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Confessions

The Role Of Confessions, The Voluntariness Approach, The Right To Counsel Approach, The Self-incrimination Approach—historical Background

Confessions have played an ambiguous and paradoxical role in Anglo-American cultural and legal history. In many religious traditions, a confession begins the process of expiation and forgiveness. Yet in the secular, legal sphere, it often lays the foundation for blame and punishment.

Moreover, there is a contradiction embedded within this contradiction. Because confessions appear to create unmediated access to the defendant's knowledge, thought processes, and beliefs, they seem to provide uniquely powerful evidence of both culpability and contrition. Yet because the access is in fact always mediated, confessions can also be uniquely dangerous and misleading. The upshot has been heavy reliance on confessions coupled with extensive regulation of their use.

In the United States, three separate constitutional provisions limit the legal use of confessions.

  1. The Fifth and Fourteenth Amendments guarantee due process of law. This protection has been interpreted to prohibit the extraction of "involuntary" confessions.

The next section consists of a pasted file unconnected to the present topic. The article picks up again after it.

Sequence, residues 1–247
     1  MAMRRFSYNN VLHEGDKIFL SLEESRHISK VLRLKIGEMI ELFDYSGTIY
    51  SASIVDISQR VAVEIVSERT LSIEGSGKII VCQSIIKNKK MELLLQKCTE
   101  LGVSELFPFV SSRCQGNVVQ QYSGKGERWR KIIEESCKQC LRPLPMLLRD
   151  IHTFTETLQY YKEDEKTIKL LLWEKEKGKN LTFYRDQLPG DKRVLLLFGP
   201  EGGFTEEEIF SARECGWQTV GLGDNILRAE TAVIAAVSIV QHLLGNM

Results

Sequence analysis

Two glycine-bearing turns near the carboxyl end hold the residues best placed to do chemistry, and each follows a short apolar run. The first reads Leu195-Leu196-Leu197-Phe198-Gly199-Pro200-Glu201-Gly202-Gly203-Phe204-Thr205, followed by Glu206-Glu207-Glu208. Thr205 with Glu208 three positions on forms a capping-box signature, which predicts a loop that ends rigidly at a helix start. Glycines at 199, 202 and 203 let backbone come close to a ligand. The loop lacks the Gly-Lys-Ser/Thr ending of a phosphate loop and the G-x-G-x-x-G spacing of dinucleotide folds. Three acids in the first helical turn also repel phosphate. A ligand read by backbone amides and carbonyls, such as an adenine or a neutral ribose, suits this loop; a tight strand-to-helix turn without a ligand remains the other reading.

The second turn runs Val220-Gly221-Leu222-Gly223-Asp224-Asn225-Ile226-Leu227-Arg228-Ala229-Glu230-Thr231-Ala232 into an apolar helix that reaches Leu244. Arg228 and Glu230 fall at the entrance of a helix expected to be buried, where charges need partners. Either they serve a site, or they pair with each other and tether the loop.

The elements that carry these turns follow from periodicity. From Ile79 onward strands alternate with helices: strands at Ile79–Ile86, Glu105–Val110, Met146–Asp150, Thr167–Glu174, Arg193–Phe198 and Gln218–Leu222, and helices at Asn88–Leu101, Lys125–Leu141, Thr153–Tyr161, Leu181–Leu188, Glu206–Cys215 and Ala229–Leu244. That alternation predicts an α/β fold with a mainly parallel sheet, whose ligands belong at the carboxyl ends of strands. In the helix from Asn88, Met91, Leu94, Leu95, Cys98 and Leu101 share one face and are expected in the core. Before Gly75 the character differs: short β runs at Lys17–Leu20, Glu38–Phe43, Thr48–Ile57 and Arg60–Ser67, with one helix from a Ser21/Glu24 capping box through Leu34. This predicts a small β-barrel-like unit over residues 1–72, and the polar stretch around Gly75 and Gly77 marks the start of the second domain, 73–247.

2. The Sixth Amendment (made applicable to the states by the Fourteenth Amendment) guarantees the assistance of counsel in all criminal prosecutions. The Supreme Court has interpreted this provision to prohibit introduction of post-charge statements made by a defendant in the absence of a lawyer.
  3. Finally, the Fifth Amendment's self-incrimination clause (also made applicable to the states by the Fourteenth Amendment) provides that "No person . . . shall be compelled in any criminal case to be a witness against himself." This language has been interpreted to bar from criminal prosecutions all compelled statements made by a criminal defendant and any evidence derived from such statements.

LOUIS MICHAEL SEIDMAN

Additional topics

Law Library - American Law and Legal InformationCrime and Criminal Law